Tag: book

Book Review: How The Mighty Fall

How The Mighty Fall: And Why Some Companies Never Give In (Amazon,) contrasts companies that survive challenges to their business models with companies that failed to respond. (Excerpts.)


Reading Christensen, one can be lead to believe that a company that doesn’t earmark a large R&D budget is doomed to failure. “Disrupt thyself or have it done onto you.” However, Collins presents a long list of well known companies with huge R&D budgets that did not survive. The key take-away for me was:
“Innovation can fuel growth, but frenetic innovation — growth that erodes consistent tactical excellence — can just as easily send a company cascading through the stages of decline… Catastrophic decline can be brought about by driven, intense, hard-working, and creative people.”

It fits into the ROC world-view of the previous book (Outsiders) where CEOs donned the role of hard-headed investors, leading to an ever-growing cash pile. Cash on hand gives you options while dealing with disruptive innovations. The response to disruption need not always be a panicked acquisition or “ignore it and hope that it goes away.” There are other ways in which an incumbent can strike back, existing regulatory frameworks can be used to put up a long and expensive fight and can be a significant source of their competitive advantage. As long as you have cash, you can survive.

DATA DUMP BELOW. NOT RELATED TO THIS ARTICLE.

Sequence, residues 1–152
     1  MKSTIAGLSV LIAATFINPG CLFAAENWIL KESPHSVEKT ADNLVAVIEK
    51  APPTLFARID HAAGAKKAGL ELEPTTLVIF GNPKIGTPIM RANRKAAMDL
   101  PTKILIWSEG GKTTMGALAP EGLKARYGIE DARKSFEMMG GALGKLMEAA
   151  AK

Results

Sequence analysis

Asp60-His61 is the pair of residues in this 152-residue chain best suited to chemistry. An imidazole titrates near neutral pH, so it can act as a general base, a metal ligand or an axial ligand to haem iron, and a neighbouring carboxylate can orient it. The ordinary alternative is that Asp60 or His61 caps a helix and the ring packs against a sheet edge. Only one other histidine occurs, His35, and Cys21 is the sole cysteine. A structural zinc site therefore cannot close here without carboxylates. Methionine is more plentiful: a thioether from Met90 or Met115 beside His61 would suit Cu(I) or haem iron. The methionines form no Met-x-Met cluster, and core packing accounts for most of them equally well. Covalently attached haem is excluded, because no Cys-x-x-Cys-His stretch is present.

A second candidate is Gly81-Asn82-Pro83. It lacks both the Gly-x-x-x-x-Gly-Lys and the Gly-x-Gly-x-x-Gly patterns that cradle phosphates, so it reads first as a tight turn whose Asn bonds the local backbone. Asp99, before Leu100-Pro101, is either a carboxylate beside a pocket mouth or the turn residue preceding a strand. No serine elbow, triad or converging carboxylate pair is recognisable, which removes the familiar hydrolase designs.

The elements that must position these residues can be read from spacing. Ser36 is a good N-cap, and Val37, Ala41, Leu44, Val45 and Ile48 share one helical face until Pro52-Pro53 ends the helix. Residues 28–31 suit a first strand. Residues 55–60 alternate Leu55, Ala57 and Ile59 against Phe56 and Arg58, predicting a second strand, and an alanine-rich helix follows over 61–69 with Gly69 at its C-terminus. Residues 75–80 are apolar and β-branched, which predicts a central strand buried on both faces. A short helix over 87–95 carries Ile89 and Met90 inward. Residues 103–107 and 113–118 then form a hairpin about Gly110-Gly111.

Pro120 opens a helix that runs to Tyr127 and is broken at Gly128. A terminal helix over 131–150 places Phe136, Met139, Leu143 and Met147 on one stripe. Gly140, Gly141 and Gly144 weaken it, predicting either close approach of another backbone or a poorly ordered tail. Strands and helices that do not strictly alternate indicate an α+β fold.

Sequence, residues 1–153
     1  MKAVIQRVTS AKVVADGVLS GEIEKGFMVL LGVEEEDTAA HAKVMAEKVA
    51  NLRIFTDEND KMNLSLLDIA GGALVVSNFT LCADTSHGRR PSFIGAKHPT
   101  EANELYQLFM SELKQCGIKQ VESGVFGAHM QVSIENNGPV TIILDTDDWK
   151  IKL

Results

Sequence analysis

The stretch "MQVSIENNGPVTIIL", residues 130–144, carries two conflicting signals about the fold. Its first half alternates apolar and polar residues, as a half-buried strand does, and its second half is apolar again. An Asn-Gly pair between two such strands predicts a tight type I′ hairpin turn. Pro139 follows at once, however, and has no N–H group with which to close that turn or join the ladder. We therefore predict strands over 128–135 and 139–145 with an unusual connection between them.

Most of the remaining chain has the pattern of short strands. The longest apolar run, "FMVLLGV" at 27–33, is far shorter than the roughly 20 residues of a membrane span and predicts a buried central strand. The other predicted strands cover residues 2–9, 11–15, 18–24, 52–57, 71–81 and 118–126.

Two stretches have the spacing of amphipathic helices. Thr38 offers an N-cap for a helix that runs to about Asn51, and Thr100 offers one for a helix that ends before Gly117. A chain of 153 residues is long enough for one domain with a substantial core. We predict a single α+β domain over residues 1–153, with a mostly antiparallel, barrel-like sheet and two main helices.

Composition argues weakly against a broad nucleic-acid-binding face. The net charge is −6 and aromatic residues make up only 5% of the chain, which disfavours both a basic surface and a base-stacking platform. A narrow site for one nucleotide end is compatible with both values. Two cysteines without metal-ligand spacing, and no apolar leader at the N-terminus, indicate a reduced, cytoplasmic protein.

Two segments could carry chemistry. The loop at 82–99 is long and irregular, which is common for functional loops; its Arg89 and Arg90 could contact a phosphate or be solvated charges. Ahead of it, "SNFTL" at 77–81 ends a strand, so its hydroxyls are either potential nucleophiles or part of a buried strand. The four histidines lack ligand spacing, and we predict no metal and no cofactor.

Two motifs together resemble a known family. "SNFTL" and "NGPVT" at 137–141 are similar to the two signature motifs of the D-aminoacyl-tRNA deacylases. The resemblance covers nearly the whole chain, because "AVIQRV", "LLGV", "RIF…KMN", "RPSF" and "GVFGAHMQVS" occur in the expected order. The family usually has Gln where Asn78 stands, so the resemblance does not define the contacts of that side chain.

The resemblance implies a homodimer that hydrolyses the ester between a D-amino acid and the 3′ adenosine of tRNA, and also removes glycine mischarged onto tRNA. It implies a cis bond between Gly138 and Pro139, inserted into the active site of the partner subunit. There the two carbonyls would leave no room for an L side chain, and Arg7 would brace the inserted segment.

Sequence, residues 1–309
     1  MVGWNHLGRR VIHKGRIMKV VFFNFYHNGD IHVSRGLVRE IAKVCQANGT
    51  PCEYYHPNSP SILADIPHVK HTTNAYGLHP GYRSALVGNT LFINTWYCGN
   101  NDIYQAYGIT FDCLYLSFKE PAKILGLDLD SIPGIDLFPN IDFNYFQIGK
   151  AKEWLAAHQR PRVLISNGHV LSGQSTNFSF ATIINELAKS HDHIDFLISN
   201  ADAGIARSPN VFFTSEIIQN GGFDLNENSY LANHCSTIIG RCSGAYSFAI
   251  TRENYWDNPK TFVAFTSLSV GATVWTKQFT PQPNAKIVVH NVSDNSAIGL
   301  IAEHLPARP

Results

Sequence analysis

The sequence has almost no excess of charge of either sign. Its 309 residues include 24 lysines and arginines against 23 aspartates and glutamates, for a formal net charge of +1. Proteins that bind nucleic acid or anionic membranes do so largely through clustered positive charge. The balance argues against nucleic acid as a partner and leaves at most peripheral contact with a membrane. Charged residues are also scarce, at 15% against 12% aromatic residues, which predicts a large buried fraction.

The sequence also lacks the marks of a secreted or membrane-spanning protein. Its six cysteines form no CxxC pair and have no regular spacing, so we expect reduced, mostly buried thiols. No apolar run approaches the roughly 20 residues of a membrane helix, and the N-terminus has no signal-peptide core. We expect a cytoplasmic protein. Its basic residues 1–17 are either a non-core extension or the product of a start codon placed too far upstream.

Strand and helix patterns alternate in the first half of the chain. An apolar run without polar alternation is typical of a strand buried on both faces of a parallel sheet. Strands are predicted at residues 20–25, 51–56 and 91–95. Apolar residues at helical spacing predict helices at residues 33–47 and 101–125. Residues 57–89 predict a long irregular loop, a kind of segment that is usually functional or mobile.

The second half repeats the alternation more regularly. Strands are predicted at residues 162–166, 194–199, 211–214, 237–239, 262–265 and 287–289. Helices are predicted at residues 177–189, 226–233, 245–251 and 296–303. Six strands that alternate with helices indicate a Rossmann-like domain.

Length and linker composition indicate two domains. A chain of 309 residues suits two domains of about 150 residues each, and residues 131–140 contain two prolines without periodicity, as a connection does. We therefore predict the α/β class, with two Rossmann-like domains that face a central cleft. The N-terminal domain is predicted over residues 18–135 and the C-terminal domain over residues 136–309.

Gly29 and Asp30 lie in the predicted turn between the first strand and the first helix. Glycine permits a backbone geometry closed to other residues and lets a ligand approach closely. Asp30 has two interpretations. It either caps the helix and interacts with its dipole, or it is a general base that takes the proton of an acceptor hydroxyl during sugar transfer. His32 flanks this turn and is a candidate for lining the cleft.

At the same time, where Outsiders’ CEOs were brutal in cutting out businesses that they thought were ‘dogs’, Collins takes a mellower approach: “A core business that meets a fundamental human need — and one at which you’ve become best in the world — rarely becomes obsolete.” But it does: the newspaper business in the US is a recent example (buggy whips, chimney cleaning…) Knowing when to cut your losses is a big part of running a successful business.